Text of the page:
Ogoni leaders have called on the Nigerian government to “exonerate” Ken Saro-Wiwa and eight others of all wrongdoing, 25 years after they were executed under controversial circumstances by the Sani Abacha-led military regime and despite the intervention by the international community.
The 9 Nigerian environmental activists were hanged on 10 November 1995 on the orders of the military dictator after they were convicted in a military court of being complicit in the murder of five Ogoni chiefs.
The Ogoni chiefs were ostensibly killed by irate youths for allegedly colluding with the Nigerian government thereby betraying their people. There has been no concrete evidence showing that Saro-Wiwa directly played a role in the murders.
“Since after the execution of Ken Saro-Wiwa and the other Ogoni leaders, there hasn’t been anything that has changed for the Ogoni people. The Ogoni people have continued to suffer, they have not received any kind of justice from the Nigerian government. All we have received in Ogoni is the building of a prison yard, as well as a cemetery,” said Gbenemene Kpae, who heads a committee that planned the 25th memorial in honour of Saro-Wiwa and the other eight Ogoni leaders.
Speaking in a radio interview, “Nigerian state must make an effort for the sake of national peace to exonerate Saro-Wiwa and others,” Kpae added.
“As of today, we have written several letters to the attorney general, we have gotten several assurances. As of today, the Appeal Court also agreed that he was killed wrongly. We are in the Supreme Court, as of today.”
25 yrs ago today, my father #kensarowiwa was murdered by #Nigeria ’s gov’t simply for pursuing human rights for the #Ogoni people in the #nigerdelta. The gov’t still hasn’t pardoned him and his 8 colleagues. They were innocent men. #pardonkensarowiwa #pardontheogoni9 #Buhari pic.twitter.com/DGZYX1O3IH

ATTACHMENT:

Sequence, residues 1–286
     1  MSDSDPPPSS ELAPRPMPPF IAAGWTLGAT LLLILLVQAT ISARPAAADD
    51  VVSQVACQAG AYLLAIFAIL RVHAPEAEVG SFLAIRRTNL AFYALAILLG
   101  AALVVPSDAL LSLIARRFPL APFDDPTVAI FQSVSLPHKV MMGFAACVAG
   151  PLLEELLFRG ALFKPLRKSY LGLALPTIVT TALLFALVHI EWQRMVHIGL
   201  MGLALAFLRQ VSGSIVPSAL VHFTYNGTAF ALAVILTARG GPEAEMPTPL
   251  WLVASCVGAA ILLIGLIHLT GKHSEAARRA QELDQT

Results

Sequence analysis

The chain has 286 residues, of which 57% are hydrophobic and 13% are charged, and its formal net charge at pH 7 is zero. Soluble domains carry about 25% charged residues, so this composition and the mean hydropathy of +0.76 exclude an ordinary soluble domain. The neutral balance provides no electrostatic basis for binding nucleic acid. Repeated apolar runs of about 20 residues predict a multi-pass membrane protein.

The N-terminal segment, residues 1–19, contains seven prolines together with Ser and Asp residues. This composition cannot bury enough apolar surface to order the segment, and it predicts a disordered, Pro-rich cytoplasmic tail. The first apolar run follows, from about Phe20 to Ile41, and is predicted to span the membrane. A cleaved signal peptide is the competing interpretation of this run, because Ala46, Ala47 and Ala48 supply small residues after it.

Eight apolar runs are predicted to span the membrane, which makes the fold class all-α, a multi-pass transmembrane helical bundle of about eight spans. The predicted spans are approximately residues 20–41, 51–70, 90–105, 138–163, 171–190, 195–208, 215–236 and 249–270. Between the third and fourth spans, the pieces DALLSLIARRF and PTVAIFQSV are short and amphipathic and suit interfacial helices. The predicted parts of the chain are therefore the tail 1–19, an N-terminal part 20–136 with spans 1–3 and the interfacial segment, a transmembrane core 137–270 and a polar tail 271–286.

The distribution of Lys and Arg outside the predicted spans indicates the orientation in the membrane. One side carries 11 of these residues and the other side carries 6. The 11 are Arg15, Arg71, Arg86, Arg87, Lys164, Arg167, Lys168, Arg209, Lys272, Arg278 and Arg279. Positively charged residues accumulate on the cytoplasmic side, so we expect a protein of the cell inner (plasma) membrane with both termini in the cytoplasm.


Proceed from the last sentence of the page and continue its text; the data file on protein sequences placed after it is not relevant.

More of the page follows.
— Noo Saro-Wiwa (@noosarowiwa) November 10, 2020
In a tweet on Tuesday, Saro-Wiwa’s daughter, Noo also lamented the fact that her father had not been pardoned, 25 years after his execution.
The deaths of Saro-Wiwa and his co-activists (Saturday Dobee, Nordu Eawo, Daniel Gbooko, Paul Levera, Felix Nuate, Baribor Bera, Barinem Kiobel, and John Kpuine) sparked an international outcry and diplomatic sanctions that effectively turned the Abacha regime to an international outcast.
The writer and poet, tired of seeing the environmental pollution and the ruthless exploitation of natural resources in his native Ogoniland, founded the Movement for the Survival of the Ogoni People (MOSOP) in 1990. He subsequently led an agitation for the clean up of polluted land and waters of the Ogoni, an ethnic group inhabiting a coastal region in southern Nigeria, exposing the devastating impact that Shell Petroleum Development Company’s extraction of fossil fuels from the Niger Delta had on the on the people of the region.
The activities of MOSOP rose the Ogoni from their lethargy. At one protest in 1993, 300,000 Ogonis, about 60 percent of the whole population, came out into the streets.
The Ogoni agitation led to similar protests from other groups in the Niger Delta, many of which took up arms against the Nigerian state and became known as the Niger Delta militias.
An amnesty scheme of the federal government in 2008 led most of the militants to laying down their weapons but the problems of the region persist until today.
Despite the Niger Delta producing most of the country’s oil and gas wealth, the people are desperately poor. The widespread pollution of the land and waters of the region has compounded the hardship of the people as they can no longer farm or fish normally due to the environmental degradation caused by hydrocarbon prospecting and production.
In 2011, the United Nations Environment Program (UNEP) released the first scientific analysis of pollution that confirmed the area which covers nine coastal southern Nigerian states had indeed turned into an ecological disaster.
In 2016, President Muhammadu Buhari launched a US$1 billion oil clean-up exercise in the Niger Delta — promising to reverse the damage and restore the ecosystems.
But observers say very little has been done and the pollution has persisted.